My novel The Keys to Heaven opens in 1918, when the protagonist, Eliza Augusta, gets the 'married women's' vote. The novel follows her and her apolitical sisters through the inter-war years. In contrast my blog concentrates on the absurdities of modern life.
In food blog one I showed how a gluten-free lemon drizzle cake made with sweetener and coconut flour could be moist and tasty. It passed the taste and texture tests and was even enjoyed by my gluten-intolerant friend. It was a hit!
In fact the only issue I had was that the coconut flour I used was over-sweet. Yesterday, in order to rectify this, I tried the same recipe with buckwheat flour rather than the aforementioned ground coconut. And, yes, the texture was good, the lemony taste just as evident, if not more-so, and overall the lack of coconut was a great improvement.
Today I converted another recipe. This one was for sugar-free chocolate cake. Sugar-free, check, but it wasn’t gluten-free. In place of the suggested self-raising flour and wholewheat flour I substituted buckwheat and rendered the whole gluten-free.
My understanding is that Truvia or stevia are better sweeteners than some other brands, but I am still learning. In order to use Truvia I had to look up conversion tables, none of which told me how much sweetener to use in place of the amount in the printed recipe. However I remembered the sweetener in this recipe is manufactured, ounce for ounce, to be the equivalent of sugar. And 1/3 tsp Truvia is the equivalent of 1 tsp sugar.
So that was my conversion! Not exactly a Damascene moment but in my own small way a step forward along the road to healthier baking.
Sadly the buttermilk I had in my fridge was past its use-by date so I had to improvise with watered-down Greek yogurt. (I use 5% fat Fage yogurt.)
I can’t remember ever baking a chocolate cake, with or without sugar, with or without gluten. It isn’t an especial favourite of mine but as I’m catering for a party - ie for others - I felt it was worth a try.
3 1/3 cups flour ( I use buckwheat - see above)and you only need 7/8 of the buckwheat. What is 7/8 of 3 1/3 cups? [clue: 31/3 is 10/3 - convert to decimals and 7/8 is 0.875 in decimals] yep - it can be done! 2.8 cups buckwheat flour is the equivalent!
1 1/3 cups cocoa powder ( either Green & Blacks or Co-op Fairtrade or Chocolat Patissier by Menier)
1 cup Truvia - sweetener
1 tabs gluten-free baking powder
1 tsp salt
3/4 cup softened - but not melted - butter
3 cups buttermilk or 1 2/3 cups Fage Greek yogurt watered down with 1 1/3 cups of water
1 tsp Madagascan vanilla essence
5 large eggs
The printed recipe said to simply combine all ingredients however I split the mix as my food processor is only big enough to deal with half the batter at any one time.
My slightly amended method is as follows:
1 Pre-heat the oven to 325 degrees F, 160C or 140C fan. Grease and line 2 x 9 inch cake tins or 2 x 8 inch tins plus a tin for 6 muffin cases. ( I like to make small cakes at the same time as a large cake. This is for a taste-test before I freeze the cake or cover it with frosting. )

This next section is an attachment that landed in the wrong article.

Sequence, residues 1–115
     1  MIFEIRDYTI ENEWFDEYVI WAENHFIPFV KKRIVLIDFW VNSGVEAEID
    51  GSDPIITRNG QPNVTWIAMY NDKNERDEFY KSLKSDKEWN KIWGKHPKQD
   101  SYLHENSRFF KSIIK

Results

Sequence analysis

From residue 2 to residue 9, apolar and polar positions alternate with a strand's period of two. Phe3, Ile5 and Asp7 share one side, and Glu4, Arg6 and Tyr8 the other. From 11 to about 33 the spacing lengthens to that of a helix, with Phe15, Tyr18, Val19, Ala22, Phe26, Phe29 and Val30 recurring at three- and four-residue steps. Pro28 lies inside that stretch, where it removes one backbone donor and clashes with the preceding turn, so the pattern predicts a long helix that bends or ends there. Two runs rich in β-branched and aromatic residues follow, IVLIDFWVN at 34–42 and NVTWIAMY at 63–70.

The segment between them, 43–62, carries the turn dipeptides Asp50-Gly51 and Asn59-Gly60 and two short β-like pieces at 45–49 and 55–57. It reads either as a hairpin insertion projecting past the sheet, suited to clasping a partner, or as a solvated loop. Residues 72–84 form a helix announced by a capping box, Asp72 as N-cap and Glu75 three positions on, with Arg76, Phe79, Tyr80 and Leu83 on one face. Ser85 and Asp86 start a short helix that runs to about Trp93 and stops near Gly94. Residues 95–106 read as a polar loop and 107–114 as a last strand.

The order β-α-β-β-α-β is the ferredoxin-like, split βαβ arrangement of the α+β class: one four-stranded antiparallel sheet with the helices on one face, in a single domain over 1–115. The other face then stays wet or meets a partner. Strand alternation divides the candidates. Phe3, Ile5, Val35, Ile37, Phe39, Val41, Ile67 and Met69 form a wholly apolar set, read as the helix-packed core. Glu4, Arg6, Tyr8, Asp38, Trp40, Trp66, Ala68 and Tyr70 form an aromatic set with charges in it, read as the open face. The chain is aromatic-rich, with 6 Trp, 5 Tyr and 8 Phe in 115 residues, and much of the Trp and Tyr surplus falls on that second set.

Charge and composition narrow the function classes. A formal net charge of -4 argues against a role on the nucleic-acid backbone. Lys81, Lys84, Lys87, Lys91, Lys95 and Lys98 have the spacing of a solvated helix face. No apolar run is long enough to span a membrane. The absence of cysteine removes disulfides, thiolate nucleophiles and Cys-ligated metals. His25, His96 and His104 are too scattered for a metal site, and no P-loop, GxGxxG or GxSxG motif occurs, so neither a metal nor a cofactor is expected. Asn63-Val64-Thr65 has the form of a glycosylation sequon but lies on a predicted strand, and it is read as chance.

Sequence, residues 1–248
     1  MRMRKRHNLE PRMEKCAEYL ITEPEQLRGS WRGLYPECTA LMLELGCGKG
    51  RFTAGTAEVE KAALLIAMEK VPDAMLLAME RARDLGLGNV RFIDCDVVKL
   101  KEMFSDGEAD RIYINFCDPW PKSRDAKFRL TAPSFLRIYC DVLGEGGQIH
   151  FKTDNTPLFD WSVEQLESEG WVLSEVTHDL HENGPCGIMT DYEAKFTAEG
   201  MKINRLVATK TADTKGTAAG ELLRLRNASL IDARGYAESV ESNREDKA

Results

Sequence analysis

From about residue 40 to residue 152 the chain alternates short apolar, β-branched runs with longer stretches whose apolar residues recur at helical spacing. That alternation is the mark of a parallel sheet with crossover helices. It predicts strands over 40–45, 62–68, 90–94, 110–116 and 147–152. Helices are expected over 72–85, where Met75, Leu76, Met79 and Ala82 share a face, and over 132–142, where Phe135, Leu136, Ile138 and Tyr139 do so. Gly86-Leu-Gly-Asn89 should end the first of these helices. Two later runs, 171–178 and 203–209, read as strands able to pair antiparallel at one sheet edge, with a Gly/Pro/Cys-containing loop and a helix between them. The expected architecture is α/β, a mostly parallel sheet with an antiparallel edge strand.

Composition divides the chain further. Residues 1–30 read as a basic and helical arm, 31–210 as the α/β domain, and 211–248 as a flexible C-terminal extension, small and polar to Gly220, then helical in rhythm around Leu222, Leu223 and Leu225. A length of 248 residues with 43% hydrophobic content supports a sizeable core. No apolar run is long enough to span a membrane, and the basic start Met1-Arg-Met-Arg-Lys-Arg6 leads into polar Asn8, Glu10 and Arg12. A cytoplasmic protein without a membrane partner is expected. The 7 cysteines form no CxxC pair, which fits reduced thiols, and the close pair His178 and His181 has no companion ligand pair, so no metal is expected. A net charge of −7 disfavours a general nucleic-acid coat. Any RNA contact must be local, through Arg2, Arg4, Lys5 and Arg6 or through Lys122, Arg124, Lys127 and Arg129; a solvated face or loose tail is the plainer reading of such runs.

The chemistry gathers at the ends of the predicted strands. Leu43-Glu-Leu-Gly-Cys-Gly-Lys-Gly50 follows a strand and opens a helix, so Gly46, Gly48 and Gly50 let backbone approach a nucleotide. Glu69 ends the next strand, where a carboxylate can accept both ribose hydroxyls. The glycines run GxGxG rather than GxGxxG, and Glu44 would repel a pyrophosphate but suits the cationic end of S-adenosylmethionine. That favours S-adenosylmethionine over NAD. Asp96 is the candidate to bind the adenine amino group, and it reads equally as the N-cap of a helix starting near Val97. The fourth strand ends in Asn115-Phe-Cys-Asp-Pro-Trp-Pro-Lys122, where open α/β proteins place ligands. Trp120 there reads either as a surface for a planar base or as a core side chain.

2 Place half the dry ingredients in the food processor and mix them for 20 seconds.
3 Add roughly half of the wet ingredients and again process the whole for 20 seconds.
If you find the cake mix is too stiff to drop from a loaded wooden spoon - when tapped - add a little more water to further dilute the Greek yogurt. If you are using buttermilk this problem is unlikely to arise.
4 Place the batter in one of the tins and repeat stages 2 & 3 with the rest of the ingredients and fill the second tin.
5 If you are using 8 inch tins you should have enough cake mix left over for six muffins. If not put the filled tins in the oven for 55 minutes.
6 If you have made six muffins they can go in the oven 20-25 minutes before the main cake is due to come out.
After 50 minutes my cakes were ready. As my mixture was rather dry the top of one of the cakes cracked but once both had cooled on wire racks I simply sliced the cracked top off. This was an excuse to taste the cake crumbs before consigning it to the freezer. Amazingly, despite my fears that the mixture was too stiff, the texture was good, the chocolate taste strong, without being bitter, and both cakes had risen well. In hindsight I should have added a little more water to the wet ingredients in the food processor. It would have made a less firm cake mix but, despite its stiffness, the cake was a resounding success.
The six muffins were good to eat on their own but I will pipe a chocolate frosting over them for the party.
A cream cheese frosting is a good replacement for a butter icing. It is sugar-free and blends well. To cover and sandwich the two cakes together use the following ingredients:
1/2 cup butter at room temperature ( softened not melted)
8 oz cream cheese - softened
A little over 1 cup Truvia sweetener
1/2 cup cocoa powder
1 tabs Madagascan vanilla essence
1 Beat the cream cheese and butter in the food processor. Add sweetener, cocoa powder and vanilla essence.
2 Mix the whole for 20 seconds. If it’s too tart or bitter add more sweetener - to taste.
The above will fill and coat a cake. There should be enough frosting left over to use in an icing bag for the muffins too. If you need to make more: cream cheese sweetened with Truvia - to taste - and a drop of vanilla essence makes a quick alternative. It’s ample for piping on half a dozen muffins.
I was pleasantly surprised by both the moisture of the gluten-free/sugar-free lemon drizzle cake and the chocolatey taste of the amended recipe I used today. Buckwheat flour is much less sickly sweet than coconut flour - in my opinion - and it doesn’t hide the lemon or chocolate flavours. Another hit for healthy eating!
Now to put my feet up with a cup of ordinary t-bag tea with semi-skimmed milk. I will forego the cranberry and raspberry tea today. I’ve been quite health-conscious enough.